Saturday, 8 October 2011

Back on the Rails II - All Rails Lead To Cork

1832 Map of Cork City

1852 Map of Cork City

1872 Map of Cork City

1893 Map of Cork City

When work began on Dargan's Great Southern and Western Railway line from Dublin to Cork in 1844 Cork was the most populous as well as the largest County in Ireland. By the time it arrived in 1849, the devastation of the Great Famine had reduced it to second most populous after Dublin. Cork's first train ran from Ballinhassig to Bandon a few months earlier.

Over the next 20 years the Cork, Bandon and South West Railway (1845), the Cork, Blackrock and Passage Railway (1850), the Cork, Youghal and Queenstown Railway (1854), and the Cork and Macroom Direct Railway (1861) started to throw out routes from Cork City across the County. Lines from Mallow to Kerry and Limerick to the west and to Tipperary and Waterford to the east and the Cork and Muskerry Railway (1883) complete the network, which is slowly reasserting itself through the redevelopment of closed lines and the reopening of closed stations.

Dublin City was circled by railway termini, Broadstone near St. Mary of the Angels, Amiens Street near the Pro-Cathedral, Westland Row near St. Andrew's, Harcourt Street near Whitefriar Street, and Kingsbridge near St. Paul's.

Likewise, as you can see on the above maps, Cork City was gradually circled by up to six railway termini. The first, at Glanmire Road, near St. Patrick's, for the Cork, Youghal and Queenstown Railway, and later also for the Great Southern and Western Railway, Albert Quay near Holy Trinity for the Cork, Bandon and Southern Coast Railway, nearby Albert Street for the Cork, Blackrock and Passage Railway, Capwell the South Chapel for the Cork Macroom Direct Railway, and Western Road near the Franciscans in Liberty Street for the Cork and Muskerry Light Railway. In this post I'll look briefly at Albert Quay, Albert Road and Holy Trinity.

Albert Quay Terminus

Albert Quay was re-named in 1849 in honour of the Consort of Queen Victoria of England on the occasion of the same visit when Cobh was re-named Queenstown. Now known as MacSweeney Quay in honour of the Republican Lord Mayor of Cork, the Quay contains the City Hall re-built after the Burning of Cork by British Crown Forces in 1921, and the terminus of the Cork, Bandon and Southern Coast Railway, opened in 1861. The station was linked to the Glanmire Road terminus by trams that ran over the iron bridge that you can see in the pictures. Trains stopped running into Albert Quay in 1961.

Albert Road Terminus

Just around the corner from the Albert Quay terminus is the Albert Road terminus of the Cork, Blackrock and Passage Railway, which was formerly a little further to the East, as you can see in the 1852, 1872 and 1893 maps. The Albert Road terminus opened in 1873 but closed to trains in 1932. While the Albert Quay building looks to me very like Broadstone Station in Dublin, the Albert Road building looks like a mix between the building that is now the Railway History Society at Heuston Station and some of the 'blind' platform walls on St. John's Road at Heuston Station.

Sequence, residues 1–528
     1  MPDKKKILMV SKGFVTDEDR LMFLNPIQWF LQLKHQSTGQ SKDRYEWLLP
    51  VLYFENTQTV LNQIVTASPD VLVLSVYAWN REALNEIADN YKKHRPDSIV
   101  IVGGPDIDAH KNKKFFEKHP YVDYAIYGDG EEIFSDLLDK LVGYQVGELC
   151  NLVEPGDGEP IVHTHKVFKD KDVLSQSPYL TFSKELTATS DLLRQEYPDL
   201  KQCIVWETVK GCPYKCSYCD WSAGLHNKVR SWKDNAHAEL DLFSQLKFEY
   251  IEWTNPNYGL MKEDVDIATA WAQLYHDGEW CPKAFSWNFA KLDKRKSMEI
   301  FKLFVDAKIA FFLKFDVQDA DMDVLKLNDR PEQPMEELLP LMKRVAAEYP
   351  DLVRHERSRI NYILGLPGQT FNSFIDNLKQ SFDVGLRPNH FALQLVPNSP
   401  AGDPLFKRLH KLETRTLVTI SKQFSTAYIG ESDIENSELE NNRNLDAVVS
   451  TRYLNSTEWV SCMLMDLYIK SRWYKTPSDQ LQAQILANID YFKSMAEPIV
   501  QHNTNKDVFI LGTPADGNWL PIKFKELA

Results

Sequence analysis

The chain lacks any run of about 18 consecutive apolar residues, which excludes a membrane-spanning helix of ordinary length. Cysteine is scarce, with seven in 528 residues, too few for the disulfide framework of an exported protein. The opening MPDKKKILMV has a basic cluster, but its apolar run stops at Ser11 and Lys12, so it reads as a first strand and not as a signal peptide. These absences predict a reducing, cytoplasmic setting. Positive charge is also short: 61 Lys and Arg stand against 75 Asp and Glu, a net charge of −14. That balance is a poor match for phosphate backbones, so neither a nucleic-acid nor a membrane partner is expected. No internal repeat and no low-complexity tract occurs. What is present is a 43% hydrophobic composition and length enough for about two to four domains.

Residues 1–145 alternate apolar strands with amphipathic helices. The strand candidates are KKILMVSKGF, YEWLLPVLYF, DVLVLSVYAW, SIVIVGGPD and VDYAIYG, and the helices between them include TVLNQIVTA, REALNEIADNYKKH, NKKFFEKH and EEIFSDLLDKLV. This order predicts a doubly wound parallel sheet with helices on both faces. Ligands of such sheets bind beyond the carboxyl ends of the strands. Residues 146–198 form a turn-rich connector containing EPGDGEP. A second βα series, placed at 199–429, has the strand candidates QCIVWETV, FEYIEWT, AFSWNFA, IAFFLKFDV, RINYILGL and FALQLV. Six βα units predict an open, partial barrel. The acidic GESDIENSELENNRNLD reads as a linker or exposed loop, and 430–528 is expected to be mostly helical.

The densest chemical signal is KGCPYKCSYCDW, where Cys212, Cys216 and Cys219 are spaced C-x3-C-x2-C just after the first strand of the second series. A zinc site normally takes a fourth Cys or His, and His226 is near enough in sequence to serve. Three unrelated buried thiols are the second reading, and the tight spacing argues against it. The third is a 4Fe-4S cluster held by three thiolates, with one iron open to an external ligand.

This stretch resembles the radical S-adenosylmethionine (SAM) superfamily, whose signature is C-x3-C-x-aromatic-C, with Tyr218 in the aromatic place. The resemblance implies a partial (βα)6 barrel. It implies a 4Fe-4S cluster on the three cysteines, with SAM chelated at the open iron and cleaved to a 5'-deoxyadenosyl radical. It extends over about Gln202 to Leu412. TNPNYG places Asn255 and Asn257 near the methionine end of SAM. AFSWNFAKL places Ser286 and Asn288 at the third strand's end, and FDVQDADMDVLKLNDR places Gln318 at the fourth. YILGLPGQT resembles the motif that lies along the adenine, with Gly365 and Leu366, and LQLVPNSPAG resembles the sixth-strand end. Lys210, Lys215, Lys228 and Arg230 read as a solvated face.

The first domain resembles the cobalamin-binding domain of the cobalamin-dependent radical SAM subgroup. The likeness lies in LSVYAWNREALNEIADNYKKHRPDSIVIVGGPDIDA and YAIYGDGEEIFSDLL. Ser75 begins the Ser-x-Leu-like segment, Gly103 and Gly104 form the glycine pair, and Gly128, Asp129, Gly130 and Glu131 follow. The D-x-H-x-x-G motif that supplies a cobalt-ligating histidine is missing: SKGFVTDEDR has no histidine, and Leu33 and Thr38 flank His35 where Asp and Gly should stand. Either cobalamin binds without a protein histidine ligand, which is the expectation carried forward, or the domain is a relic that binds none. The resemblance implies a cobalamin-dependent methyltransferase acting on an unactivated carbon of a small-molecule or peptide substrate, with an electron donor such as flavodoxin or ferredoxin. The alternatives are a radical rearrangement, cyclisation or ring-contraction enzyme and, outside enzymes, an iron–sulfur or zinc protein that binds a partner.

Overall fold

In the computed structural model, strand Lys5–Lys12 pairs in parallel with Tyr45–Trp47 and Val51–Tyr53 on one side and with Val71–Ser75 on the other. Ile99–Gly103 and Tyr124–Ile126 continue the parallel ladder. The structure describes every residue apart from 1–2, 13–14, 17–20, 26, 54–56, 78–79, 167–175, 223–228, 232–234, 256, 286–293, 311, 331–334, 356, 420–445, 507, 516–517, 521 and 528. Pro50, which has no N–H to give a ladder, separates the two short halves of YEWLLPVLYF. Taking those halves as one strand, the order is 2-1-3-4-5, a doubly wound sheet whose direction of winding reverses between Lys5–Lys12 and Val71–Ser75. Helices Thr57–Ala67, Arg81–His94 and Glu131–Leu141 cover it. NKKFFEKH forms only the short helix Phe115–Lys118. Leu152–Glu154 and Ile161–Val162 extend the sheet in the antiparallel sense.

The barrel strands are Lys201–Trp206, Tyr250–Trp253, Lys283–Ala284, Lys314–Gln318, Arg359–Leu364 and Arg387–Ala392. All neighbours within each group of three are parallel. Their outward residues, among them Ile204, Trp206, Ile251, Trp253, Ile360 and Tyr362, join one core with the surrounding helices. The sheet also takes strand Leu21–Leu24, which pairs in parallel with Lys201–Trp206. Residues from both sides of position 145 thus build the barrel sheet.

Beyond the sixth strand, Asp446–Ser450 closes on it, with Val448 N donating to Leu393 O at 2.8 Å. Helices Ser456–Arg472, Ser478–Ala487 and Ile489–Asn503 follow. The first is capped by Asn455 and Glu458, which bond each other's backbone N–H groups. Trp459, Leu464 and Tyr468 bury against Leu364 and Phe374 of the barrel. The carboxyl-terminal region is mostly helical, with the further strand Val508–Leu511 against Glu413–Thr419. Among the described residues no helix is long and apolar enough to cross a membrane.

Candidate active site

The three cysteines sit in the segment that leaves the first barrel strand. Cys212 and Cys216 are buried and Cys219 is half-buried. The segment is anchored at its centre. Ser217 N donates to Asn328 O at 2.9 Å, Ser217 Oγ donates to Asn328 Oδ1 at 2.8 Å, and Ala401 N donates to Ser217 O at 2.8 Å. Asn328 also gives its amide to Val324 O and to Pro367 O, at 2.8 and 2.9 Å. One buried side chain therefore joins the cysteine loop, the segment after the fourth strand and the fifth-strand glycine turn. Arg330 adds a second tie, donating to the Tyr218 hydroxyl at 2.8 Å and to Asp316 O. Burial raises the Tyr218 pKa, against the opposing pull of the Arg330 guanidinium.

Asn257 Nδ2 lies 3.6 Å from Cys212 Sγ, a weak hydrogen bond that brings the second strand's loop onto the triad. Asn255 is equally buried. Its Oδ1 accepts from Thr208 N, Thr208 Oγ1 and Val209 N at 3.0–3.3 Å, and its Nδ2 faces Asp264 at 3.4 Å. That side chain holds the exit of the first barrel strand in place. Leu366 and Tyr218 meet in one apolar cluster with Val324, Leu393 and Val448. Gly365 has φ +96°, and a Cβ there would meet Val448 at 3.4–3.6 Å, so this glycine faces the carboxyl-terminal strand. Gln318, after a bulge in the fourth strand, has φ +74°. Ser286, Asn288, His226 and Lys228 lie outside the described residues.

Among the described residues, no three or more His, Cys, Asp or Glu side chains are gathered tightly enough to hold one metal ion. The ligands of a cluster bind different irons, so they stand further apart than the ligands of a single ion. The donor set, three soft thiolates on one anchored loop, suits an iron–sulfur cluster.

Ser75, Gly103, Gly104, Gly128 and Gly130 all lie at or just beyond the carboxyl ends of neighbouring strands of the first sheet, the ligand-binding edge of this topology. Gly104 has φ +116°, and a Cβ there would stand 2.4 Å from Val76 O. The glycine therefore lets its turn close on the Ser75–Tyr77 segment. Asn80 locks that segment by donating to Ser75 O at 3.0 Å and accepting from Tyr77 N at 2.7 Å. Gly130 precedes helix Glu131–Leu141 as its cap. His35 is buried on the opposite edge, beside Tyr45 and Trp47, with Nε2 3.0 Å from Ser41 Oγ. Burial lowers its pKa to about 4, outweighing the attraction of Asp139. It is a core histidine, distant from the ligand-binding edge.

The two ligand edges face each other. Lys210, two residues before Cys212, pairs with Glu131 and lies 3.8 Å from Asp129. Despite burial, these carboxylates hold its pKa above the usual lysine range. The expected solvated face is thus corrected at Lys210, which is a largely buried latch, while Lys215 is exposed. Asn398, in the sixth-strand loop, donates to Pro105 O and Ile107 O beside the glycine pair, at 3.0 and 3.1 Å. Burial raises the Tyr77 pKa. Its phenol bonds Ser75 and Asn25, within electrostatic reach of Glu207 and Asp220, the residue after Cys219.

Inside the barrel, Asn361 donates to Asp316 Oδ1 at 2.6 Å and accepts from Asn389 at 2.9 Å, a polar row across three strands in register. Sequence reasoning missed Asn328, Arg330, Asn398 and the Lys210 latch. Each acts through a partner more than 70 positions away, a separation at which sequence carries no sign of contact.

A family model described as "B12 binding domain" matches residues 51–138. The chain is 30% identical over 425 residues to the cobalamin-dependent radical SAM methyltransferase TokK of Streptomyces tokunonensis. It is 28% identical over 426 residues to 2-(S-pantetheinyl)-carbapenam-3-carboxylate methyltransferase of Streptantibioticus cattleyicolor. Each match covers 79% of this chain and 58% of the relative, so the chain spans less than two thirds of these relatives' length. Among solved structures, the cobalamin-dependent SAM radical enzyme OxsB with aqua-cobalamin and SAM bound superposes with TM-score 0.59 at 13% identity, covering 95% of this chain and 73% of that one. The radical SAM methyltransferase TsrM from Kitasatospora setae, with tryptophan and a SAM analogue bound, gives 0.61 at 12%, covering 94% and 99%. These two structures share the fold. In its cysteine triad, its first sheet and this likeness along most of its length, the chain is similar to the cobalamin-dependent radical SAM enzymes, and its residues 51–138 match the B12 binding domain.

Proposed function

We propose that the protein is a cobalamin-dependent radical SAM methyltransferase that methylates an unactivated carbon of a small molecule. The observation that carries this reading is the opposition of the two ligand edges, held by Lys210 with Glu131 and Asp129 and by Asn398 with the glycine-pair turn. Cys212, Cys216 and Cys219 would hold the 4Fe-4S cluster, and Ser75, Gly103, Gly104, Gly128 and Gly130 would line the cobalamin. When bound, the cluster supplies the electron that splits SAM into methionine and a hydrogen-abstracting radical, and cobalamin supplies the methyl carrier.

Holy Trinity Church

A few minutes walk down the river from Albert (MacSweeney) Quay is the Capuchin House in Cork where the famous Fr. Theobald Mathew (1790–1856), the Apostle of Temperance, lived and laboured. The Church, which you can see from in front of the Albert Quay terminus, in a very un-Capuchin flamboyant Gothic, is the memorial to Fr. Mathew. The original church was more simple and the soaring facade was added in 1899. Hogan's great statue to Fr. Mathew at the start of Patrick's Street was unveiled in his honour in 1864. Interestingly, the Cork statue portrays him in the kind of street clothes that he would have worn but the statue in Dublin's O'Connell Street has him in his Capuchin habit.


Anonymous said...

I've always loved the settled pace of the railways. The decision to take them up was short-sighted at best. Wasn't the decision taking during the first Celtic Tiger? It ripped the heart out of traditional societies in Cork, Kerry and Clare.

Bizzy Izzy said...

The Irish Railways always seem to be that bit more leisurly and, not coincidentally, better maintained but less packed. The cross-cutting concept of trains and spiritual journeys is really interesting. I think the first move to permit pilgrimages by train was unsurprisingly a Jesuit idea to bring more people to Paray le Monial.

Quis ut Deus said...

Maeve youre makin the connections with the faith and the old country again. Great idea to use the railroads. Just amazin how every step you take is stepping where the saints have trod. Lookin forward to my next trip back in the spring. Give me a call when you next come to the States.

Phographic Mementos said...

I wish we could see more pictures of the inside of that Church.

Shandon Belle said...

Anon. I think you have it about right. When you look at some parts of the line that are in really stunning locations it must have been oneof the funnest ways to travel. I bet the car is quicker tho. Tragedy is that with many parts of the line taken over by gardens (often of the old railway cottages) I can't see it ever returning but if I won the Euromillions it would be something I'd have to think about seriously.

Izzy, I think you're right about the smaller lines. Maybe the famous West Clare line is what you're thinking of. Never heard of the Paray le Monial thing but it sounds like a Jesuit thing to do.

Quis, that's what I'm aiming for anyway.

Photographic, I just didn't have time to go over that side when I walked around taking the pictures. I don't think it's as nice inside anymore.

Thanks for all the comments. Keep them coming! God bless you!